Without Costa-Hawkins, California cities and counties could once again adopt extreme forms of rent control, including the imposition of rent caps on new apartments and single-family homes. Such moves would create a major disincentive for the development of much needed housing.
“The last thing California needs is another barrier to building new rental housing,” Rosen, chairman of UC Berkeley’s Fisher Center for Real Estate & Urban Economics, said in this news release.
His report, “The Case for Preserving Costa-Hawkins: Three Ways Rent Control Reduces the Supply of Rental Housing,” was jointly released this week by Rosen Consulting Group and the Fisher Center for Real Estate and Urban Economics at Berkeley’s Haas School of Business.
The paper is the first in a series of reports examining the impact of rent control on the economy and housing market.
The paper highlights three primary ways that rent control decreases the overall supply of apartments, which hurts renters:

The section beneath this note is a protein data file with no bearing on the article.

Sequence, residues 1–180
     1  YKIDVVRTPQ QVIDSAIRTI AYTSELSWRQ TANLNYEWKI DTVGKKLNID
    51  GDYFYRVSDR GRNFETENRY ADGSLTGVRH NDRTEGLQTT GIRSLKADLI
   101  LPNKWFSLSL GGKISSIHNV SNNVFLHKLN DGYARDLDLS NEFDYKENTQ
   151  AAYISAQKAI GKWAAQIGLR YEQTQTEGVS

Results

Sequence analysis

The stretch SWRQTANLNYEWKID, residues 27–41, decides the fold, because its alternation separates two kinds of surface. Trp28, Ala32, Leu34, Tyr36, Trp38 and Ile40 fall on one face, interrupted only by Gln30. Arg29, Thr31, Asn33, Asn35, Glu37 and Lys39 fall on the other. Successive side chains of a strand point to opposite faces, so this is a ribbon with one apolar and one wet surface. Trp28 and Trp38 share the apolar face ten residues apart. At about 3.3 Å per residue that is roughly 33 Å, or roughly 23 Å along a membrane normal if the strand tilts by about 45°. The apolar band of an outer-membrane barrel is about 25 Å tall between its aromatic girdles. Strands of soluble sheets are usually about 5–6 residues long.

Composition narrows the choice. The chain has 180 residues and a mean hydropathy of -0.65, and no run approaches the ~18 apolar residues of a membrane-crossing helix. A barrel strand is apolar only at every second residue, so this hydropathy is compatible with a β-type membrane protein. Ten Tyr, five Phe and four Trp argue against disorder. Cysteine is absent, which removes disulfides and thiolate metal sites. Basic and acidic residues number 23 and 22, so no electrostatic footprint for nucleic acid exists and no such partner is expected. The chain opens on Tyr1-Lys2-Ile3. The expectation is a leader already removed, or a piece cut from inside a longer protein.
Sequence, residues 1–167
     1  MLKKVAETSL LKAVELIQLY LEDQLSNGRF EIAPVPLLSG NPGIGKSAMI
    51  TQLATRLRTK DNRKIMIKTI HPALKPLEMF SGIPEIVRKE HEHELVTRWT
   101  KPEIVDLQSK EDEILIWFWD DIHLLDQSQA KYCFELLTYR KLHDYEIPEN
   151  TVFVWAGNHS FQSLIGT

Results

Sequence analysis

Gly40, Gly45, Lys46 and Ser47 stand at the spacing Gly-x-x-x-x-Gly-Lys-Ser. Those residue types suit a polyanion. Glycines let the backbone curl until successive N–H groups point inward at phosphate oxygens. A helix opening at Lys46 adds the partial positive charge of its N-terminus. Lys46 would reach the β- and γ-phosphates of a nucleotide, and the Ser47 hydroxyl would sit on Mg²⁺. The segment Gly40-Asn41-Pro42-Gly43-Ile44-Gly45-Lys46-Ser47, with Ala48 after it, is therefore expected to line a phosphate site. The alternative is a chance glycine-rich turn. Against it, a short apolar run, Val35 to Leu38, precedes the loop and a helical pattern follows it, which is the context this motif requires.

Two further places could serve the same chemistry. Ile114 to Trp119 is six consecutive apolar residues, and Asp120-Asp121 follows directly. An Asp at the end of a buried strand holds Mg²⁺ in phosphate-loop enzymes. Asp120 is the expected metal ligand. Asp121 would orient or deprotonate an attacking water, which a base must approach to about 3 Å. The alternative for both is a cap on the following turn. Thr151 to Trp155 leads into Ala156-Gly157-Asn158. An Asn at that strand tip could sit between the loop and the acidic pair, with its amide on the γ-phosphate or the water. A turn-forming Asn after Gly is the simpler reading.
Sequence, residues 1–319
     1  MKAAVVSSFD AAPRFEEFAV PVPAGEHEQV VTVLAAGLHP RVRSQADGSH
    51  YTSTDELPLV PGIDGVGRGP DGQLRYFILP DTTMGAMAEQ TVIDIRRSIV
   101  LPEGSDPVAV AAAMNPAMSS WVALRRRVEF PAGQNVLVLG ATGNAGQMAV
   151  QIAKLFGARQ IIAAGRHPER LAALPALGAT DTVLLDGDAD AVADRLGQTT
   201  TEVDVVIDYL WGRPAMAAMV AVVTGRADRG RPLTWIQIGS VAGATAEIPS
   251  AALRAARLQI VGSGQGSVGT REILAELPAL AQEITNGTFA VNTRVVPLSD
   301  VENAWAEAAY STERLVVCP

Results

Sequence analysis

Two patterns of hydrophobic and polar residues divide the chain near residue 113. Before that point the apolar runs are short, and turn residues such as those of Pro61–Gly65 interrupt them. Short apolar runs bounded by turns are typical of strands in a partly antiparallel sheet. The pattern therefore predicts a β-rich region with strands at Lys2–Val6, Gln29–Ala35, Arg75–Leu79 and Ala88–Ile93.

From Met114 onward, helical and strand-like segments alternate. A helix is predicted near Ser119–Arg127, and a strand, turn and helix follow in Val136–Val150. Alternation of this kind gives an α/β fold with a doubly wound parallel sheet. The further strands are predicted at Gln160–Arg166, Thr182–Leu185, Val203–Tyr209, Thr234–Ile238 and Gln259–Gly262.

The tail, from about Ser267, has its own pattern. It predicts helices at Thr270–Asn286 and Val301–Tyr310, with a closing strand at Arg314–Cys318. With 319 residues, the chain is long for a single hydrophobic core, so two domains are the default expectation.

- Rent control incentivizes property owners to convert rental units to other uses, such as for-sale housing units or non-residential buildings
- Rent control reduces the effective supply of available rental units through an inefficient allocation of housing
- Rent control limits the creation of new rental supply by discouraging development activity.
All of these factors combine to decrease the supply of rental housing in markets with rent control, which ultimately lowers apartment availability and raises rents.
“California cities need more rental housing at every price level, but rent control is a major road block to solving the statewide housing shortage,” Rosen said.
UC Berkeley economist criticizes rent control, Prop 10 in new study